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  1. Saurabh Odak1,
  2. Deepti Bhargava2,
  3. Mohammad Kamara3
  1. 1Department of Emergency Medicine, Fairfield General Hospital, Warrington, UK
  2. 2Department of Neurosurgery, Walton Center, Liverpool, UK
  3. 3Department of Emergency Medicine, Fairfield General Hospital, Bury, UK
  1. Correspondence to Saurabh Odak, saurabhsodak{at}gmail.com

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Description

Urethral calculi could be either classified as either primary or secondary calculi based on their origin. Primary calculi form in the urethra, whereas secondary calculi have their origin elsewhere in the urinary tract.1 True primary calculi are rare and they mostly form in prostatic and membranous part of urethra.2 ,3 Secondary urethral calculi most commonly form in the bladder. Bladder calculi less than 10 mm usually passes spontaneously but larger calculi usually get impacted on usually along the posterior urethra, the most common site of impaction and obstruction due to a secondary calculus.3

We present an unusual case of a 52-year-old Caucasian man who presented to us with sudden onset of urethral colic and acute urinary retention secondary to a large calculus measuring 20 mm×8 mm×8 mm impacting on the external urethral meatus (anterior urethra) (figures 1A and 1B). This patient was previously diagnosed with a right-sided renal calculus based on ultrasound scanning of his urinary tract measuring 7 mm×3 mm. This calculus was removed in the emergency department, which alleviated his symptoms. The patient subsequently underwent further investigations in the form of Cystoscopy, retrograde cystourthrogram, renal ultrasound and intravenous urography and was cleared of any other calculi.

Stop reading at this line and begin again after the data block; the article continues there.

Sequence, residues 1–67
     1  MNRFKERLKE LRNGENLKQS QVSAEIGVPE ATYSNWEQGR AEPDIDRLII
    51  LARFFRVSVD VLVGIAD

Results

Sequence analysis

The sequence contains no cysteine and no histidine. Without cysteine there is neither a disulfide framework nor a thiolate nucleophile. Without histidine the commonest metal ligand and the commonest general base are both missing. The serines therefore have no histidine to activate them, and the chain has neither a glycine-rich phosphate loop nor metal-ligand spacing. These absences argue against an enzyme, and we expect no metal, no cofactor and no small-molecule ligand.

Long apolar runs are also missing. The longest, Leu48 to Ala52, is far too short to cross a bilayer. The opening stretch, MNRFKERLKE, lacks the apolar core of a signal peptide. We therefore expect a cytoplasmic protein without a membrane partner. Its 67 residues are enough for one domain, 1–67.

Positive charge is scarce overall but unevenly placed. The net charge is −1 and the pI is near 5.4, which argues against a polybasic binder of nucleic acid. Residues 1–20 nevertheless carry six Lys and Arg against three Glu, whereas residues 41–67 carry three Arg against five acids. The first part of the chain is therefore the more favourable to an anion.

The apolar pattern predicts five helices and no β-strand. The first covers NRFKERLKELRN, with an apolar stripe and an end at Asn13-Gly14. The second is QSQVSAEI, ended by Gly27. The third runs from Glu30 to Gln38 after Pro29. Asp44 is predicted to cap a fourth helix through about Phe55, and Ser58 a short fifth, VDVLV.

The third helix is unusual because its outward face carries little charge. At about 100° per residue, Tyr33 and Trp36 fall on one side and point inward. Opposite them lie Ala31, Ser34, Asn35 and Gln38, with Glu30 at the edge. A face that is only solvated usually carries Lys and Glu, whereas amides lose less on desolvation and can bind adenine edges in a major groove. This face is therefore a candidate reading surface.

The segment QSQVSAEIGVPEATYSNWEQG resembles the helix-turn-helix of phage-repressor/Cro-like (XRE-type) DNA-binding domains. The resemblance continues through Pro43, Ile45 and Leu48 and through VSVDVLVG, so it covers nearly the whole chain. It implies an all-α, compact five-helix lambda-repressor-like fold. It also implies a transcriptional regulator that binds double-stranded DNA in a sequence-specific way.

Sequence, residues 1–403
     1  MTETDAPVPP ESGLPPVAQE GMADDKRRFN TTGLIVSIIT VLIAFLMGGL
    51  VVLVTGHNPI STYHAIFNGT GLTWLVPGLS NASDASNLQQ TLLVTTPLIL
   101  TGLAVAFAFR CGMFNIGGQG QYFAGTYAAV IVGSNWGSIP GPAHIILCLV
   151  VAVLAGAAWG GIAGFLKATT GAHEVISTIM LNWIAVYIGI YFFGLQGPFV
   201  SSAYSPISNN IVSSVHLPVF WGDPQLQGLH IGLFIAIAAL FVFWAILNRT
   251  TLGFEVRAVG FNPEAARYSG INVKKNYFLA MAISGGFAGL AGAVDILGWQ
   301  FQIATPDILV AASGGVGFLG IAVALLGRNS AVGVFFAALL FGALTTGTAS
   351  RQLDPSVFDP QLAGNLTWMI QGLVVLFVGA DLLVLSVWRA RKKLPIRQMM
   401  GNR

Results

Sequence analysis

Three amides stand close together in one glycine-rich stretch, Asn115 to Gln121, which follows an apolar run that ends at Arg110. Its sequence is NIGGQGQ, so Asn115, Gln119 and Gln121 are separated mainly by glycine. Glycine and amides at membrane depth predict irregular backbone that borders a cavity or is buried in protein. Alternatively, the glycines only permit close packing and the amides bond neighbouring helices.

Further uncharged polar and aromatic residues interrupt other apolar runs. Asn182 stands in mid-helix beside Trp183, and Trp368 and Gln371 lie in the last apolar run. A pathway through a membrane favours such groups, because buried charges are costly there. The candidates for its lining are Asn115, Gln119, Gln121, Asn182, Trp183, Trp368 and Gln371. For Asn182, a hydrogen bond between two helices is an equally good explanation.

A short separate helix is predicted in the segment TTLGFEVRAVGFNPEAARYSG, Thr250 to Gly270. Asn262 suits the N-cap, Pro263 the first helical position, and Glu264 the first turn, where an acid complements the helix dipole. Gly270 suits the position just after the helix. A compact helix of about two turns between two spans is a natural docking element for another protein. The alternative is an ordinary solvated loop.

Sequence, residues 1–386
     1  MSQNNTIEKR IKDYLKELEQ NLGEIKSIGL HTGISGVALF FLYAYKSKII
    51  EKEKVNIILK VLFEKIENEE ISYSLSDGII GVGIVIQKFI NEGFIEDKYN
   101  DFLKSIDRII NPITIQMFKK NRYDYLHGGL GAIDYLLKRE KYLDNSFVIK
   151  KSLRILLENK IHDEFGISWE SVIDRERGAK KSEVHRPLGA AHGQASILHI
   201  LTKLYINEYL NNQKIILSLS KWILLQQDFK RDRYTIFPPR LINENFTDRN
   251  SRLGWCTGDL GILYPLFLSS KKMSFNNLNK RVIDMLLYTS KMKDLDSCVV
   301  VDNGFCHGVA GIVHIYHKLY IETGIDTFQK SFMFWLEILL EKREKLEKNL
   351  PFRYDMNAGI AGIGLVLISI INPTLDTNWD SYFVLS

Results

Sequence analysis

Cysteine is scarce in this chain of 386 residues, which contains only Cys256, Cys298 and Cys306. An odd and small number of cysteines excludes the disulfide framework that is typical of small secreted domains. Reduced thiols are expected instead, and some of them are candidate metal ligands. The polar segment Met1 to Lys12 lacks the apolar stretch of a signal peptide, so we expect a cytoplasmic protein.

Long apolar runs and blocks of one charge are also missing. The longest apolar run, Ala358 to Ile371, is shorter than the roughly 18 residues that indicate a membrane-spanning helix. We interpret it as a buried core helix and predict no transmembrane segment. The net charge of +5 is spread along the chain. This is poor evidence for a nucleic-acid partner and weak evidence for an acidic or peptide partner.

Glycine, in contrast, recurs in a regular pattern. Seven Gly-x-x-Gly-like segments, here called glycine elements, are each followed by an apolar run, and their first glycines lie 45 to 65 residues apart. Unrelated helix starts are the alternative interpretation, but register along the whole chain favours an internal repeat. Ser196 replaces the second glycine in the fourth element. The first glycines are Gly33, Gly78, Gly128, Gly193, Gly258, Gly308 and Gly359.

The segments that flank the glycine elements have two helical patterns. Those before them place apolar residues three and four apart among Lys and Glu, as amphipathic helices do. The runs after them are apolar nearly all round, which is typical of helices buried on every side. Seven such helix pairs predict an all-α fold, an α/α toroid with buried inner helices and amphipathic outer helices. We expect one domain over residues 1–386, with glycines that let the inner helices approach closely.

Figure 1(A,B)

Large urethral calculus measuring 20 mm×8 mm×8 mm.

Learning point

  • This report highlights that not all the secondary urethral calculi originating from the bladder impacts in posterior urethra. These can also get impacted in the anterior urethra.

References

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Footnotes

  • Competing interests None.

  • Patient consent Obtained.

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